Tuesday, December 20, 2011

Let's Get Back to Pittsburgh to Harrisburg

Pittsburgh is part of the Great Lakes megaregion ( some 54 million census),  being at its southeastern end.

Harrisburg is part of the North East megaregion ( some 50 million census),  being at its western end.

Connecting the two megaregions with improved and restored rail passenger service will provide for anticipated economic growth. For all essential purposes, highway and air modes are today saturated or nearly saturated.

When Jean Gottman in 1961 published the book, Megalopolis, he described the continuous city from Washington, DC to Philadelphia to New York to Boston. He described the phenomenon of a continuous band of light that could be observed from the air at night created by a megalopolis, a chain of roughly adjacent metropolitan areas.The the description  of a megalopolis was unique then to the North East. Today that is no longer the case. The USA has 11 megaregions.  (See: http://www.america2050.org/megaregions.html )

The importance to restoring passenger rail service to Pittsburgh to Harrisburg is that it is is a first step in connecting the Great Lakes megaregion with the North East megaregion with an alternative to highway and air.

Probably, Pittsburgh has more need for restored passenger rail service from Cleveland to Youngstown to  New Brighton to Pittsburgh to Greensburg to Latrobe and Johnstown. Certainly, the Great Lakes megaregion extends through Pittsburgh to Greensburg.  On the east, the probable most immediate need for restored rail passenger service is Huntingdon to Lewistown to Harrisburg. Rail service from Huntingdon to Lewistown to Harrisburg would support the transient student population at the State College. Huntingdon and Lewistown are the closest points to State College on the Pittsburgh to Harrisburg line.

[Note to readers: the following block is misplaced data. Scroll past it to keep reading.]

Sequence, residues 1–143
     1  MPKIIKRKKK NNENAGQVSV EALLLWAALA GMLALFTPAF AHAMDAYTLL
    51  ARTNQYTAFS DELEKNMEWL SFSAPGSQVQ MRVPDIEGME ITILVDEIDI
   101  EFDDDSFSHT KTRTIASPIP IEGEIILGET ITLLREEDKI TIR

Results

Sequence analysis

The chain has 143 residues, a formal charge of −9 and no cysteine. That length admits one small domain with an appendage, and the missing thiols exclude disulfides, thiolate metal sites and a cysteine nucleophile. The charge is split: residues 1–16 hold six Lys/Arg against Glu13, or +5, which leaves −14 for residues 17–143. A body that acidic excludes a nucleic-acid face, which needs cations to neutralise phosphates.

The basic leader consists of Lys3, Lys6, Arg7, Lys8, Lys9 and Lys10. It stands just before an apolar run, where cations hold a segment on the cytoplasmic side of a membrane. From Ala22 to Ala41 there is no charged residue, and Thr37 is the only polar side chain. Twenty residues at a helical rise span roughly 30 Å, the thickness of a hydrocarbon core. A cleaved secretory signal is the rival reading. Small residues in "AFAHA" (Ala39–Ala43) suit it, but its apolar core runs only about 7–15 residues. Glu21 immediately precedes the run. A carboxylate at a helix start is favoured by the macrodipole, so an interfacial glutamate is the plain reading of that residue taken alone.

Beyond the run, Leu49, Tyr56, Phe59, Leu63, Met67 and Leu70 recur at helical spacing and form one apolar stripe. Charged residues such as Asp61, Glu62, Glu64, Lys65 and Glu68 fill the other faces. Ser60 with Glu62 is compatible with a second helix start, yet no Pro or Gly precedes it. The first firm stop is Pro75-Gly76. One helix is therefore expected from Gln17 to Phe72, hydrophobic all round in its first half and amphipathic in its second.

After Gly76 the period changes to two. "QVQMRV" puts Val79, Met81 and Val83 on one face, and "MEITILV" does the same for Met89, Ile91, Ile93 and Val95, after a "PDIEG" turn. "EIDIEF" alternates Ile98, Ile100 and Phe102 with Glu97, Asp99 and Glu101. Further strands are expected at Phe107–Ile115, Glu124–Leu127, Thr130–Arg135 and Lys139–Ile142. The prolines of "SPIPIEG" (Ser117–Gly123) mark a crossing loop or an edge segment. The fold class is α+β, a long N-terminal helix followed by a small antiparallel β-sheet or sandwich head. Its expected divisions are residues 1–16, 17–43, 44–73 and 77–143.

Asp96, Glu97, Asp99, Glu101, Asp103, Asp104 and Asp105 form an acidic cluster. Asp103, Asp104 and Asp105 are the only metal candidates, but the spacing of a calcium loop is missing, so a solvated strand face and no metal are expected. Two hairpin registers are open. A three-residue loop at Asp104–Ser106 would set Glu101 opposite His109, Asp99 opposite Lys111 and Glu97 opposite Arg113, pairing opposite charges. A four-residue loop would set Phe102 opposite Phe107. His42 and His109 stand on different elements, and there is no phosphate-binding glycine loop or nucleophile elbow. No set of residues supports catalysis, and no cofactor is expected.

In order to attain Cleveland to Youngstown to New Brighton to Pittsburgh, an interstate effort is required. Accomplishing Pittsburgh to Harrisburg restoration is  intrastate and simpler. However, what is needed is restored passenger rail service that is interstate from the east coast to the midwest. By restoring passenger rail service rail service from Pittsburgh to Harrisburg, a significant part of restoring rail passenger service from the east coast to the midwest will be accomplished.

Long distance passenger trains have a certain passenger load that travels the length of the trains route.
A substantial portion of the fares are for intermediate travel along a long distance train's route. The existence of a long distance train will create demand in unexpected ways for intermediate travel.

The emphasis for this blog has been Pittsburgh to Harrisburg.  But Pittsburgh is closer to the Washington, DC and Baltimore sections of the North East megaregion via the former Baltimore and Ohio Railroad line now owned by CSX than via the Pittsburgh to Harrisburg line. Restoring rail passenger service to that line would be a significant transport asset for Pittsburgh. As in restoring rail passenger service to Cleveland, the problem is that it is interstate.

1 comment:

  1. Pittsburgh is more in need of a connection to the east than one to youngstown (dying) or cleveland (not much traffic)...it can be seen in megabus' operations which have much more robust traffic between pittsburgh and ny, philadelphia and washington (in that order). to the extent that pittsburgh ever was part of the great lakes megaregion, it becomes less so year after year. the reality is, pittsburgh is the link between east and midwest, cut off by mountains to the east, and cultural bias from the midwest.